Four young people who died in a road crash in Co Tipperary while on the way to exam celebrations have been named by Irish police.
Driver Luke McSweeney, 24, and three passengers, including his 18-year-old sister Grace McSweeney, and teenagers Zoey Coffey and Nicole Murphy, also both 18, were killed after the car they were in struck a wall on Friday.
The crash happened close to the entrance of Hillview Sports Club in Mountain Road in the town of Clonmel at around 7.30pm.
The victims are thought to have been on their way to mark receiving the results of their Leaving Certificate exams.
Drivers made the sign of the cross as they travel past the crash scene, Ireland correspondent Stephen Murphy said.
He described the "mangled car lying on its roof" surrounded by "Garda vans and investigators".
"The violence of the impact that turned a night of celebration to the deepest despair is evident," he added.
A vigil is being held for the victims in Clonmel at 6.30pm on Sunday, with a book of condolences to be opened at the local council offices from 11am on Monday.
Michael O'Loughlin, principal of Presentation Secondary School in Clonmel, described his "beautiful" students Zoey Coffey and Grace McSweeney, who were "loved by everybody who met them".
"Grace was a gentle and kind person. She was thoughtful, considerate, and hard working. Grace was a gifted gymnast and a dancer and a very good student who had a positive impact on everybody she encountered," he said.
"Zoey's personality was warm and vibrant. She was funny, kind and really determined. Zoey was a diligent worker and was very popular with her peers and teachers, and was central to all aspects of school life in the Pres."
Anne McGrath, principal of Loreto Secondary School, said that her student Nicole Murphy had received "excellent" Leaving Certificate results on Friday.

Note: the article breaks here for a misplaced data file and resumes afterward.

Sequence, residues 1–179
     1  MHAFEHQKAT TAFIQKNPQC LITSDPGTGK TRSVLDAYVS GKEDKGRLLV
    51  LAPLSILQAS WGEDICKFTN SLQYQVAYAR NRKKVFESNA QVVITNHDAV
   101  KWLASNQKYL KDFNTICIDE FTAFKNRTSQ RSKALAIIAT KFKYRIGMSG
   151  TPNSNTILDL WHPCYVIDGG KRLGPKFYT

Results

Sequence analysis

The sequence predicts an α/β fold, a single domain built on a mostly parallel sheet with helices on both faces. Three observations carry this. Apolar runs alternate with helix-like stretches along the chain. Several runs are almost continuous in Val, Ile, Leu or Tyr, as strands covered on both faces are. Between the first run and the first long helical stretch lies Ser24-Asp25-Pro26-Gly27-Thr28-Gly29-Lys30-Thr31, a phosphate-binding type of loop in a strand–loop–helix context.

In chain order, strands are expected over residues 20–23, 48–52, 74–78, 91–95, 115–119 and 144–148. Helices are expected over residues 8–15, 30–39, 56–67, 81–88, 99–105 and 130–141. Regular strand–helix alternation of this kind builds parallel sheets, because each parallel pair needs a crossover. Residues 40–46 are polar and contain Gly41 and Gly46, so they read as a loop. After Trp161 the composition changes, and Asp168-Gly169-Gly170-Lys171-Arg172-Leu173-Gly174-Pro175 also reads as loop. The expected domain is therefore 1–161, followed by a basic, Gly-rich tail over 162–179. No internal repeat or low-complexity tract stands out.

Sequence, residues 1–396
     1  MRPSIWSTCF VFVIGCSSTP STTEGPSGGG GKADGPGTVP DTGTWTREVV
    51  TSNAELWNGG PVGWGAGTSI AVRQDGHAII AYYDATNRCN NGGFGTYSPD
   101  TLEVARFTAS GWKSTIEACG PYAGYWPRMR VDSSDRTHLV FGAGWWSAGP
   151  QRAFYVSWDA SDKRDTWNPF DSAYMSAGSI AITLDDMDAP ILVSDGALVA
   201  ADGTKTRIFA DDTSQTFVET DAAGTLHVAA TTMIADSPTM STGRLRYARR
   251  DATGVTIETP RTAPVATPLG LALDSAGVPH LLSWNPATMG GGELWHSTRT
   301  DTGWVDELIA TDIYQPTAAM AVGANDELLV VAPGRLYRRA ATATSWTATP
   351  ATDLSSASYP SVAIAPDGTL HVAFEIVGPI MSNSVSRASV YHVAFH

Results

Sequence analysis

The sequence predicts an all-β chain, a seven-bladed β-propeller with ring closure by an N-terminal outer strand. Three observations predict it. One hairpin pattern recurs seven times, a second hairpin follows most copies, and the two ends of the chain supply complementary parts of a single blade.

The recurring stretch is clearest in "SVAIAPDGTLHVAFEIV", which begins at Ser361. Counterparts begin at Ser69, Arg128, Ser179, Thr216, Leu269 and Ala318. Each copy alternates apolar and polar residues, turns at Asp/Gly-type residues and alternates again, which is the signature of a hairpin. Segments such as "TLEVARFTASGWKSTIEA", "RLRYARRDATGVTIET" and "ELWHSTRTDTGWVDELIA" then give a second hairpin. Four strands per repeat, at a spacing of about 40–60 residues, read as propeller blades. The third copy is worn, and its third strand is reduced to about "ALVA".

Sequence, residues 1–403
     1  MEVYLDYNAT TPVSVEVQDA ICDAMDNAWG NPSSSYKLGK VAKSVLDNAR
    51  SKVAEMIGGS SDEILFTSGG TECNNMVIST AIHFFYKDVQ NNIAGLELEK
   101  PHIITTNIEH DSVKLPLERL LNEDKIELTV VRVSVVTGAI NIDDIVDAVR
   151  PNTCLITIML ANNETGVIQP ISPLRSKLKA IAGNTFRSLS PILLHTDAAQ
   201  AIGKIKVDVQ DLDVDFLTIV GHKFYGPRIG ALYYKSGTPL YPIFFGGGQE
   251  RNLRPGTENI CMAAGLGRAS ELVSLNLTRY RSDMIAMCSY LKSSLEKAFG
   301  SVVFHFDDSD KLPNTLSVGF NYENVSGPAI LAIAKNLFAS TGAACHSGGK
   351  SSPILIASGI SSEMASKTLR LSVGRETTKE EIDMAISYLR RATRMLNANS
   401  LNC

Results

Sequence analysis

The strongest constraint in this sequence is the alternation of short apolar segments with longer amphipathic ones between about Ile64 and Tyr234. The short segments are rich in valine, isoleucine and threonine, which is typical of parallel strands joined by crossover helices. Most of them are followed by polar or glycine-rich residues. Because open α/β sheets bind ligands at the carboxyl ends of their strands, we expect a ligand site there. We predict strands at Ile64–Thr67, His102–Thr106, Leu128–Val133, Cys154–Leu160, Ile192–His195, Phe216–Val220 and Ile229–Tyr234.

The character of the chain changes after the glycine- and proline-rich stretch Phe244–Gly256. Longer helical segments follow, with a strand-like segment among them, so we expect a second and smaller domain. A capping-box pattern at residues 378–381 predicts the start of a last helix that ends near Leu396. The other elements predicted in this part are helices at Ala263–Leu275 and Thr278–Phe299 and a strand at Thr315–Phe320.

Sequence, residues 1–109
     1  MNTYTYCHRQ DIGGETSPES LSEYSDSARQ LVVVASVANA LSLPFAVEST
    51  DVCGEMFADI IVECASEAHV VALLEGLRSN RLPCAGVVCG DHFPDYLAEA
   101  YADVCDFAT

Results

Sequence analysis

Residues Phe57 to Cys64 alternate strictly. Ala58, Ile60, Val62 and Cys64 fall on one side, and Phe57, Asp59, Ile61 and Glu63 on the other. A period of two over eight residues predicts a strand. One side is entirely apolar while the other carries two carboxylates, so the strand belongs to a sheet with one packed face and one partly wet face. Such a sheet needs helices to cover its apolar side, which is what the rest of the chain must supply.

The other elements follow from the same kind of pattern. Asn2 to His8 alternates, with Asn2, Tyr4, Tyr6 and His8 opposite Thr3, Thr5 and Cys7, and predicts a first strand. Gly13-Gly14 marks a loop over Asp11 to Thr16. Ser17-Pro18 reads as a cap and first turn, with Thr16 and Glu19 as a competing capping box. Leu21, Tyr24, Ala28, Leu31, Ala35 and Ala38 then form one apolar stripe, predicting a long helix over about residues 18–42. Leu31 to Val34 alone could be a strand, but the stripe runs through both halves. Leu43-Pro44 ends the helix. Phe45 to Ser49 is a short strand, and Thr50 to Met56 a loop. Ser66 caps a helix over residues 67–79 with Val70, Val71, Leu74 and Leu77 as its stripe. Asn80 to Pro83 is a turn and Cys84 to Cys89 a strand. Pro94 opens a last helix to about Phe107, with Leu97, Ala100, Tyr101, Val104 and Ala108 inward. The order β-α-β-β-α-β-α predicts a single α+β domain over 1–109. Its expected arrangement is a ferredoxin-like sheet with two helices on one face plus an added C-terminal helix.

"Nicole was a beautiful student, highly regarded by staff and students alike. During her time in Loreto, she developed into a young woman who was kind, gentle and witty, and she was a trusted and loyal friend," she said.
"Yesterday's celebrations are now replaced by unbearable grief and a sense of loss for the whole local community. No words can express our sorrow, pain and grief."
A critical incident plan is being worked on by the three schools affected.
Local priest Father Toomey, who spent time with the newly bereaved families overnight, said: "Sometimes no words seem adequate when a tragedy like what occurred in Clonmel tonight happens. No words can give comfort at this time."
Fr Toomey also urged people to be respectful amid anger over people sharing images of the crash site on social media.
A drone was also flown over the scene, with many angry at media outlets who chose to broadcast the footage, Murphy said.
Superintendent Kieran Ruane, from Clonmel Garda Station, expressed his "condolences and sympathies" in a statement made on Saturday.
"Our local communities, in particular Clonmel, Kilsheelan and Ballypatrick are shocked and deeply saddened by these events," he said.
"I want to assure them that An Garda Síochána is here over the coming days, weeks and months to support our communities as we all come to terms with this tragedy.
"I have been in contact with the principals of the local secondary schools that the girls attended and supports are being put in place for the friends of all four deceased today and over the next few days."
Irish prime minister Leo Varadkar described their deaths in a statement as "truly devastating and heartbreaking".
"It is with deep sadness that I learned of the tragic incident in Clonmel last night," he said.
"Leaving Cert results night should mark the beginning of a world of opportunities for young people. It's a milestone on the road from childhood to adulthood. For young lives, so full of possibility, to be cut short in this way is truly devastating and heartbreaking. The whole nation mourns them.
"My sincere condolences to the families and friends of those who have died and the wider community in Clonmel and Tipperary. The thoughts of the whole country are with them, their school and their community.
"I am assured that the school authorities and (the health service) will work together to put in place the necessary supports for their classmates and community. We must come together in times such as this."
Mr Varadkar then said in Irish: "May their souls be at God's right hand."
Higher education minister Simon Harris TD said there was "grief, shock and sadness" after the "devastating" and "heartbreaking" incident.
On X, formerly known as Twitter, he wrote: "Leaving Cert results day represents achievement, celebration and excitement.
"Tonight that has been replaced by grief, shock and sadness... There are no words. Heartbreaking."